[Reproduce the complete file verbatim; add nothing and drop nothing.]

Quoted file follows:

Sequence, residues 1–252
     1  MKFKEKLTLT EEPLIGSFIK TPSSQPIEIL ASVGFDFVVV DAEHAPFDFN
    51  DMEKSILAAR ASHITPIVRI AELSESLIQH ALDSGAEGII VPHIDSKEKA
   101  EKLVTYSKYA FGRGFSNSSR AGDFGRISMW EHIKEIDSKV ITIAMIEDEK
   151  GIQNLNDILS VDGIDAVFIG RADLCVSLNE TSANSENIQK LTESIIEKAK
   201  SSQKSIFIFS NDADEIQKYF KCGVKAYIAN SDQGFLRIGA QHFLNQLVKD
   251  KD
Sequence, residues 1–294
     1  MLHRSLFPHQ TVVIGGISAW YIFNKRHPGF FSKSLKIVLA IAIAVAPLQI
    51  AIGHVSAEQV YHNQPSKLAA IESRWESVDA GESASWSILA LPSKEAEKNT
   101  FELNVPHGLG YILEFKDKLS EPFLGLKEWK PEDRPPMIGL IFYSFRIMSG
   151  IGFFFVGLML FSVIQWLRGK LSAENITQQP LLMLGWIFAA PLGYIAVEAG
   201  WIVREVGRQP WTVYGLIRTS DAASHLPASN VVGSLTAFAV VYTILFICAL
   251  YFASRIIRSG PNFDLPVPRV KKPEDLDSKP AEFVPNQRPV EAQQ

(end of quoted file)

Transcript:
Sequence, residues 1–252
     1  MKFKEKLTLT EEPLIGSFIK TPSSQPIEIL ASVGFDFVVV DAEHAPFDFN
    51  DMEKSILAAR ASHITPIVRI AELSESLIQH ALDSGAEGII VPHIDSKEKA
   101  EKLVTYSKYA FGRGFSNSSR AGDFGRISMW EHIKEIDSKV ITIAMIEDEK
   151  GIQNLNDILS VDGIDAVFIG RADLCVSLNE TSANSENIQK LTESIIEKAK
   201  SSQKSIFIFS NDADEIQKYF KCGVKAYIAN SDQGFLRIGA QHFLNQLVKD
   251  KD
Sequence, residues 1–294
     1  MLHRSLFPHQ TVVIGGISAW YIFNKRHPGF FSKSLKIVLA IAIAVAPLQI
    51  AIGHVSAEQV YHNQPSKLAA IESRWESVDA GESASWSILA LPSKEAEKNT
   101  FELNVPHGLG YILEFKDKLS EPFLGLKEWK PEDRPPMIGL IFYSFRIMSG
   151  IGFFFVGLML FSVIQWLRGK LSAENITQQP LLMLGWIFAA PLGYIAVEAG
   201  WIVREVGRQP WTVYGLIRTS DAASHLPASN VVGSLTAFAV VYTILFICAL
   251  YFASRIIRSG PNFDLPVPRV KKPEDLDSKP AEFVPNQRPV EAQQ